Similar to exercising your body through cardio or strength training, you can incorporate different exercises or techniques designed to strengthen your pelvic floor muscles, gain more control over your bladder and reduce bladder leaks.

Top tips for how to retrain your bladder include:

  • Visit a licensed pelvic floor physical therapist.

    An expert can help you build a personalized bladder retraining plan. A pelvic floor therapist will take the time to create a routine that works for you, as well as offer support and advice throughout your bladder training journey. Pelvic health physical therapists assess how well the pelvic floor muscle functions and can treat patients through pelvic floor biofeedback, muscle coordination training, breathing techniques, behavioral retraining and progressive loading exercises.

  • Schedule bathroom visits.

    Taking the time to schedule bathroom visits, such as using the interval system outlined above, helps the bladder to better sense how much urine is present and whether or not you truly need to urinate. This leads to a decrease in urination urgency and frequency. Remaining on a schedule will help you see results and be a good indicator of your progress over a period of time.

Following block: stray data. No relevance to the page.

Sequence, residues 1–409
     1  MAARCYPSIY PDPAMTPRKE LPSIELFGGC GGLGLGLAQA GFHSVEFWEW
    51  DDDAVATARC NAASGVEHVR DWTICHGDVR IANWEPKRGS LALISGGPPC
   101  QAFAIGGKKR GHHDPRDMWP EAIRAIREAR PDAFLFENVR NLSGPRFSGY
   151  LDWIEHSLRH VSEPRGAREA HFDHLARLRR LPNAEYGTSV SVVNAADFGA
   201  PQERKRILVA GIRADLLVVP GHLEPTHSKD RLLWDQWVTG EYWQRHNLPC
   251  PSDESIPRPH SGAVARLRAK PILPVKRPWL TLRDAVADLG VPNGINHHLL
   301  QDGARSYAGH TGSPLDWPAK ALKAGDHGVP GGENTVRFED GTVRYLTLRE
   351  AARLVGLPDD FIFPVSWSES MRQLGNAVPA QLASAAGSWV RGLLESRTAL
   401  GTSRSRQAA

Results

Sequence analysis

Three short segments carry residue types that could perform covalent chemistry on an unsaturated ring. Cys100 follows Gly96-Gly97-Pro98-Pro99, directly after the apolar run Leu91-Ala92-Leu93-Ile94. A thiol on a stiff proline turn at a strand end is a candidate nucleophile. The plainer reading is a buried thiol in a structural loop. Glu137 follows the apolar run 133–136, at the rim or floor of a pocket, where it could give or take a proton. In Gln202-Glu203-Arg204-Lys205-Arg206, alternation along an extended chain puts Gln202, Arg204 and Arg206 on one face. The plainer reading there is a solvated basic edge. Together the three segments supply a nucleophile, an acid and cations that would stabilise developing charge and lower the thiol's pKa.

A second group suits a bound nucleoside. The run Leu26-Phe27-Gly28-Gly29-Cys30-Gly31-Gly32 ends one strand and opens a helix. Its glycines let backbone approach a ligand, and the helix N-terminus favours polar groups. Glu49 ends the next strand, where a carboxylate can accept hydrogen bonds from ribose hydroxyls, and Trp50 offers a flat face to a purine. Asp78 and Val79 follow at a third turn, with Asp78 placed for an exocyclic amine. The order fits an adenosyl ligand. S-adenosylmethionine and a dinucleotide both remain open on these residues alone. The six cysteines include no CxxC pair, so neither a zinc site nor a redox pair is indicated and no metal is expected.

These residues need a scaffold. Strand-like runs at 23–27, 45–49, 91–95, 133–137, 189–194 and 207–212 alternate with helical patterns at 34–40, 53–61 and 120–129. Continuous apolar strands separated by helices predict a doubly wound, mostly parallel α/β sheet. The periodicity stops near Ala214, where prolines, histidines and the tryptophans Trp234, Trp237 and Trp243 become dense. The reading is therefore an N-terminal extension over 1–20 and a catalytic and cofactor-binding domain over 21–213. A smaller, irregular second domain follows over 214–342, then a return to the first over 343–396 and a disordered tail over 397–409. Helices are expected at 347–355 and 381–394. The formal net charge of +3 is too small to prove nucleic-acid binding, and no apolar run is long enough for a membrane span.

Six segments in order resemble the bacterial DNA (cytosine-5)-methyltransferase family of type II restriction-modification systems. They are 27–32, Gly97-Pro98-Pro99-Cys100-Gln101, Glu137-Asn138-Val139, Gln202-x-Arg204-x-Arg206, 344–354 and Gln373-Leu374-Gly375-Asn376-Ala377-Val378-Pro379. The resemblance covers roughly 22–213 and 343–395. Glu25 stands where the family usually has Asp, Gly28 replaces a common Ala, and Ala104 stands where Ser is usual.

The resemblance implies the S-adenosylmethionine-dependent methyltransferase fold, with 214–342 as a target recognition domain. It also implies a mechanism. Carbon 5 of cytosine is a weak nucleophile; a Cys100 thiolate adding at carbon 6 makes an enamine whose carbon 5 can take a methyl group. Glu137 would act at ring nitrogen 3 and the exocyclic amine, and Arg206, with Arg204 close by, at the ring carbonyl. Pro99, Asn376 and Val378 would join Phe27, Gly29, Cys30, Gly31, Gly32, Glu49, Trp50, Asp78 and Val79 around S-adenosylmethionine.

• At-home pelvic floor exercises.

    Kegel exercises paired with other effective pelvic floor exercises take just a few minutes per day and can help strengthen the pelvic floor to better manage urination urges.

What NOT to do when retraining your bladder:

  • Don’t give up!

    It can be hard to retrain your bladder and adjust to a new schedule. Go easy on yourself and keep trying if things get tough.

  • Don’t pee whenever you have the urge.

    Try your hardest to stick to your urination schedule. It can be hard resisting the urge but overtime it will get easier and you’ll have to urinate less frequently.

It can take between 6-12 weeks before you can accomplish your bladder retraining goal. Setbacks are normal, so don’t be discouraged! I recommend using Poise® Ultra Thin Pad with Wings for days where you are concerned that leaks might get in the way. Wearing a pad specifically designed for urine will keep you ten times drier than the leading period pad and helps manage leaks as your body adjusts to new urination intervals.

Retraining a muscle gives you back control of your urination frequency and decreases sudden uncomfortable urges. Different retraining methods work for different people, so whether you prefer keeping a bladder diary or working with a pelvic health physical therapist, or both, finding the right method for you will get you back on track and feeling confident again when it comes to your bladder.

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Author Summary: Dr. Heather Jeffcoat,DPT, Pelvic Health Physical Therapist is the founder of Fusion Wellness & Femina Physical Therapy( work focuses on pelvic and sexual health education for all, and she lectures internationally on Female Sexual Dysfunction and chronic pelvic pain. She is also the author of Sex Without Pain: A Self Treatment Guide to the Sex Life You Deserve.


Kimberly-Clark makes no warranties or representations regarding the completeness or accuracy of the information. This information should be used only as a guide and should not be relied upon as a substitute for professional medical or other health professional advice.